I had to look at it with an admiration close to rapture. The small eyes of the snake were glittering maliciously. They peered almost laughingly into mine. The head was rocking from time to time, sometimes shooting forward and then pulling back, and then I felt its repugnant spongy body pressing itself closer and closer to mine!

I knew that my life was not worth much by now. However, I seemed to myself triumphantly proud, felt that now I would be able to show those present what kind of man I really was.

Or was I?

Oh no, it was so thoroughly terrible, the tension was horrifying! If only the loathsome garishness would disappear! But if all turned out well, what a hero I would turn out to be! (ibid. 1-2)

It is extremely unlikely, I think, that Carl Larsson and Carlo Bugatti were familiar with each other. Nonetheless, it seems almost as if Larsson’s downright weird introduction to his autobiography might be productively be read as a critique of Art Nouveau. There’s a curious love/hate relationship with ornament across all these different threads of design.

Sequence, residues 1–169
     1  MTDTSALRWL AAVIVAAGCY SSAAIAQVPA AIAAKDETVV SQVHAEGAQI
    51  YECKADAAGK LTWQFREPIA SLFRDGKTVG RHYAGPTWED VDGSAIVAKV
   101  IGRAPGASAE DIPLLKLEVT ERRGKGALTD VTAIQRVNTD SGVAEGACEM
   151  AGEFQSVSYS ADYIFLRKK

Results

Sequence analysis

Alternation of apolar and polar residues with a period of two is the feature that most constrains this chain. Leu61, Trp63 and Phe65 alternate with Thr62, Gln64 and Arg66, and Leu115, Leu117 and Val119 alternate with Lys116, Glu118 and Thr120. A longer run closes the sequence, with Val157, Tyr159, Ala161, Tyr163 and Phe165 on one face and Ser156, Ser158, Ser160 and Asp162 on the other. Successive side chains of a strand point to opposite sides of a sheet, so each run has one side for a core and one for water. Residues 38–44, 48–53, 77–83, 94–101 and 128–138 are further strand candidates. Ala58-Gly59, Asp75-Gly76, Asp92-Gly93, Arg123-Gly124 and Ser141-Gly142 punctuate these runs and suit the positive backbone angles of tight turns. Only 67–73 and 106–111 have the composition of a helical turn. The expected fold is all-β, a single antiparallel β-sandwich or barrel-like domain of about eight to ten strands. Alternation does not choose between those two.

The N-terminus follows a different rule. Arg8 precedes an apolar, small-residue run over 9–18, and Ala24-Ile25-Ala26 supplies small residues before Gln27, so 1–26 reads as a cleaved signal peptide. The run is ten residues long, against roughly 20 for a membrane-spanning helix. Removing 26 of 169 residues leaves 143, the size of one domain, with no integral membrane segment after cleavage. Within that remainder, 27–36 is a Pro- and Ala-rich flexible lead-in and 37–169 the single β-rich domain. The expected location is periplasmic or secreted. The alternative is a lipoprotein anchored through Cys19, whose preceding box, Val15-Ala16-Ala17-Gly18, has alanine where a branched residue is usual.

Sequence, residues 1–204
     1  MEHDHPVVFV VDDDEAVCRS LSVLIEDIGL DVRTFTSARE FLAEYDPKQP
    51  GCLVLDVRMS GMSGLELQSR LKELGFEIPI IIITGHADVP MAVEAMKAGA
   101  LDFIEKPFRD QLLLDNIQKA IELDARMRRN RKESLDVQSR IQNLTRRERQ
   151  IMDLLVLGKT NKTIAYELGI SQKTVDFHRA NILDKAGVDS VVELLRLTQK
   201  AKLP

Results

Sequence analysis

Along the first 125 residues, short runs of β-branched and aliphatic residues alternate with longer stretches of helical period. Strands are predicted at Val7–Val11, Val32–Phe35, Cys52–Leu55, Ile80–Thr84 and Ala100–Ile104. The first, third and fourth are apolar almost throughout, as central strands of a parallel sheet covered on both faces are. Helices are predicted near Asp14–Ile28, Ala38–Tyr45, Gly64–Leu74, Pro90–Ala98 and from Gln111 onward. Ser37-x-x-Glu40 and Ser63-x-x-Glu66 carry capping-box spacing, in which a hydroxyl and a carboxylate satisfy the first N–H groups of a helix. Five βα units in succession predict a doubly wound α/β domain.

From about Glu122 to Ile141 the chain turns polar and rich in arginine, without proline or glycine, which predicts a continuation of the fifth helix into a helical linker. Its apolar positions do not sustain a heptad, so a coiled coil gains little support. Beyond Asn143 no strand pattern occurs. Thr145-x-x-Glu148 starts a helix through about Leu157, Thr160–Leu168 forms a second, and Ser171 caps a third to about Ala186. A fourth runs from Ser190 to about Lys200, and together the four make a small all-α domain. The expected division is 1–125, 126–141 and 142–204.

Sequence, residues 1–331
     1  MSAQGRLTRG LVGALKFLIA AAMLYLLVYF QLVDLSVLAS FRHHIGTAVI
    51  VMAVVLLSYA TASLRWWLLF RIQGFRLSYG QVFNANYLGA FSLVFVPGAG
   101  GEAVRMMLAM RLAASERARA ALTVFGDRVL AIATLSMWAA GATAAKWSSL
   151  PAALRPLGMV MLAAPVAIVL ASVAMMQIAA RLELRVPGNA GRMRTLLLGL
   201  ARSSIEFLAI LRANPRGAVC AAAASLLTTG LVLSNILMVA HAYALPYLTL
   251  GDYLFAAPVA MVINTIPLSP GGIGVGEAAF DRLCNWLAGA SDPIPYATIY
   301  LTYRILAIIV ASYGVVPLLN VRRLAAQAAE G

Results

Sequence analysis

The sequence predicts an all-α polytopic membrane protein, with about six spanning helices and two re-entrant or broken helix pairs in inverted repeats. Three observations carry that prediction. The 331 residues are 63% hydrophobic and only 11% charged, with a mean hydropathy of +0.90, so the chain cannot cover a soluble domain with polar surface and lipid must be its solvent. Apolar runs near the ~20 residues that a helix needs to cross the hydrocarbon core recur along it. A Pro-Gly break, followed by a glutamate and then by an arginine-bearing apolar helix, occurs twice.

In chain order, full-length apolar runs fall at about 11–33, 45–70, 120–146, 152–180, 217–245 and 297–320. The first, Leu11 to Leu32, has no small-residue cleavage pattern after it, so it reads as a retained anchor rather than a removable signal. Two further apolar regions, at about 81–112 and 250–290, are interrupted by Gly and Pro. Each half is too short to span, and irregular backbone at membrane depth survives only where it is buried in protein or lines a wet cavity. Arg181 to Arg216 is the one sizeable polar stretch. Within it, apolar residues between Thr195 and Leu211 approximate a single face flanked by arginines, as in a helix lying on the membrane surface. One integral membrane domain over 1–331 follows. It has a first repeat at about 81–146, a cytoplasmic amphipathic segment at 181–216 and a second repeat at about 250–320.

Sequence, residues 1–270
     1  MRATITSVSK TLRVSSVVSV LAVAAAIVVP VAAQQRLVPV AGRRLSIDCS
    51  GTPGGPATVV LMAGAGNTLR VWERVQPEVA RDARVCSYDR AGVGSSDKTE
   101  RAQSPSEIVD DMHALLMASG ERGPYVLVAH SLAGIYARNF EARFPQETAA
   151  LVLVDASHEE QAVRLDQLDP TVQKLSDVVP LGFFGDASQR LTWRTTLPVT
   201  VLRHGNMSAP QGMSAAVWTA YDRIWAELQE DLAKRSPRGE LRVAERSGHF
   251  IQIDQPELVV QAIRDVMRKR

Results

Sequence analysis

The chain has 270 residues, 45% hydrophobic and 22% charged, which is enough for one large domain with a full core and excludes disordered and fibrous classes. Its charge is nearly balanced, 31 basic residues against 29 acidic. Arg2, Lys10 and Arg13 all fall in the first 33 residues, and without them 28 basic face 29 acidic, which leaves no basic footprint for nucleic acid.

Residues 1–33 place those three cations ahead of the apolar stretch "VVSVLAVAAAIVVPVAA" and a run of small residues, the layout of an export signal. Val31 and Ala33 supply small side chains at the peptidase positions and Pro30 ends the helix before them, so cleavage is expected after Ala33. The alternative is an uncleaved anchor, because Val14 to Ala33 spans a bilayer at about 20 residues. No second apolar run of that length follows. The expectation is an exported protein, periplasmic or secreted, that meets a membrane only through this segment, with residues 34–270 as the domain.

Mackay Hugh Baillie Scott, writing in Houses and Gardens (1906) discusses two popular modes of decoration: heraldry and organic motifs. Heraldry, with its deep ties to the English manor house traditions, was old; natural motifs (decorating around some sort of common organic shape, like lotus flowers) were emerging (thanks to the pre-Raphaelites) as a plausible choice to those setting up a home.

Carl Larsson embraced Gustavian design (a situated Swedish variant of rococo), which is perhaps close to an embrace of the sort of traditional heraldic motifs gestured at by Baillie Scott. At the same time, there was a rustic naturalism to his designs. What the English and Swedish outlooks both share is a desire to ornament in such a way that connects with their national identities.